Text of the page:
Gender-based inequalities and women's socio-economic vulnerabilities were exacerbated by the possible environmental impacts of climate change, as well as by natural or technological disasters, he continued. Women's full enjoyment of their human rights was a necessary condition to reduce the risk associated with such situations. Furthermore, he supported the recommendations contained in Agenda 21, the action plan of the United Nations Conference on Environment and Development (UNCED), which called for increased representation of women as decision-makers, planners, technical advisers and managers in the environment and sustainable development fields.
A successful agenda for eradicating poverty through women's empowerment, the other theme of the session, meant dismantling the values, structures and processes that maintained women's subordination and justified inequality. Implicit in that substantive debate was that the struggle against poverty was not only a struggle against hunger and deprivation, but was a battle against powerlessness and for autonomy, dignity and respect. In Brazil, some of the most important current social programmes had recognized the positive socio-economic impact of women's empowerment, including the newly established social protection network focused on low-income families. That network would allow for the direct transfer through the banking system of $10 billion to the mothers in those low-income families.
J. GABRIEL VALDES (Chile) said a Department of Participation by Citizens had been set up in 1997, in which women participated, but specific gender mainstreaming programmes had not been set up. The Government was planning to correct that state of affairs. Opportunities had been created in Chile to achieve sustainable development with social equity. The Beijing Platform for Action had established that poverty affected women most, due to hunger, malnutrition, limited access to education and lack of involvement in the political process. His Government had managed to reduce the number of households living in extreme poverty.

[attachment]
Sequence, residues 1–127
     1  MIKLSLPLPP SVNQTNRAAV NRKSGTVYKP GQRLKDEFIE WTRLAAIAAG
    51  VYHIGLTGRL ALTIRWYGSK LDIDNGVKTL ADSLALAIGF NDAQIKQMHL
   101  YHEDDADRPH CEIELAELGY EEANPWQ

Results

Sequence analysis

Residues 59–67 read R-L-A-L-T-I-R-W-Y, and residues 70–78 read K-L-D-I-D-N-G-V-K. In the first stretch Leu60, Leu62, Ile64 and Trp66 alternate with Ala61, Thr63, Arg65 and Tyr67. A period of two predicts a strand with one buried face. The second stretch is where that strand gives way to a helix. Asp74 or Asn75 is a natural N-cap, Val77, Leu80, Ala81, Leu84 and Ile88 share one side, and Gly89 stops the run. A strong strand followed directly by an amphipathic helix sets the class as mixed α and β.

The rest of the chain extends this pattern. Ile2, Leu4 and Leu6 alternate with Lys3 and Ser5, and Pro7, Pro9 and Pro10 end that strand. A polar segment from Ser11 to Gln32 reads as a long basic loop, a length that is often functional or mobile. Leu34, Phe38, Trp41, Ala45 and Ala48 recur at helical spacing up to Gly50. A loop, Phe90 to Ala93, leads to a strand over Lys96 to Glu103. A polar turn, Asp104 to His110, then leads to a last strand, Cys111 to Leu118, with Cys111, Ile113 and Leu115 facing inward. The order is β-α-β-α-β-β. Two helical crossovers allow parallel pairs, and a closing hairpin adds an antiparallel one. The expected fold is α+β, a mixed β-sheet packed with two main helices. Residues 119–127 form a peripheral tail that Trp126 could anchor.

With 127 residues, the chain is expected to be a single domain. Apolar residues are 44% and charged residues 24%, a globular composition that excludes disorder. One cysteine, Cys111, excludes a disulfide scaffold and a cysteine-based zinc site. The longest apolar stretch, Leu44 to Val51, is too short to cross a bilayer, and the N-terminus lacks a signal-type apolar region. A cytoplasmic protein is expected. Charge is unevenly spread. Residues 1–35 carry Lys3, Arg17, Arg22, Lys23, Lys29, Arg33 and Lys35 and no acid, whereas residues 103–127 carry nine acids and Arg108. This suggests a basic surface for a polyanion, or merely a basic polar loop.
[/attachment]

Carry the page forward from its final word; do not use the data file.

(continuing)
Gender issues had not been mainstreamed in macroeconomic policies, he said. Social policies in the poorest sections had not incorporated gender measures either, but a programme had been created to ensure jobs for women, particularly those who were heads of households. There had been an increase of jobs for women and an income increase in the poorest sector. Twenty per cent of households in the poorest sector were headed by women. Women were characterized by the lowest level of job participation. In efforts to eradicate poverty, it was vital to empower women to participate in the economy. A change was needed in the power equation, in which women were currently treated as objects. Women were involved in employment policies, but much remained to be done. The contributions of non-governmental organizations were invaluable in that regard.
ELLEN SAUERBREY (United States) said that empowering women through equal access to education and economic opportunity was essential for the eradication of poverty. That also enabled women to participate effectively in the decision-making processes that shaped their communities and their lives. But, equality and empowerment did not exist in a vacuum. Those were built upon respect for human rights and fundamental freedoms, observance of core labour standards, property rights, democratic governments, and the rule of law. The goal in the United States was to create the climate that allowed all individuals to go as far and as fast as their energies and talents would take them.
She said that education was increasingly essential if individuals were to succeed in a global and technologically advanced economy. The United States also remained dedicated to eliminating domestic and other violence against women. One of the greatest challenges in the areas of human rights and law enforcement was trafficking in persons. Based on reliable estimates, at least 700,000 persons, especially women and children, were trafficked each year across international borders. Her Government was strongly committed to combating that "modern day form of slavery" both at home and abroad, and it pledged to continue to work individually and collectively to eliminate that horrible crime.
Disaster preparedness should be included in overall development plans, and gender should be integrated into all aspects of the development process, she said. On the subject of women and girls in Afghanistan, she noted that her delegation had introduced resolutions in the Commission for the past four years on the status of women and girls there. Those texts had condemned the grave violations of their human rights, including restrictions on their access to education, health care, employment outside the home, freedom of movement, and freedom from intimidation, harassment, and violence. At the present critical juncture, it was important for the international community to pledge its commitment to Afghan women. She would introduce a resolution welcoming the developments there and encouraging the Interim Authority to ensure respect for the equal rights of women.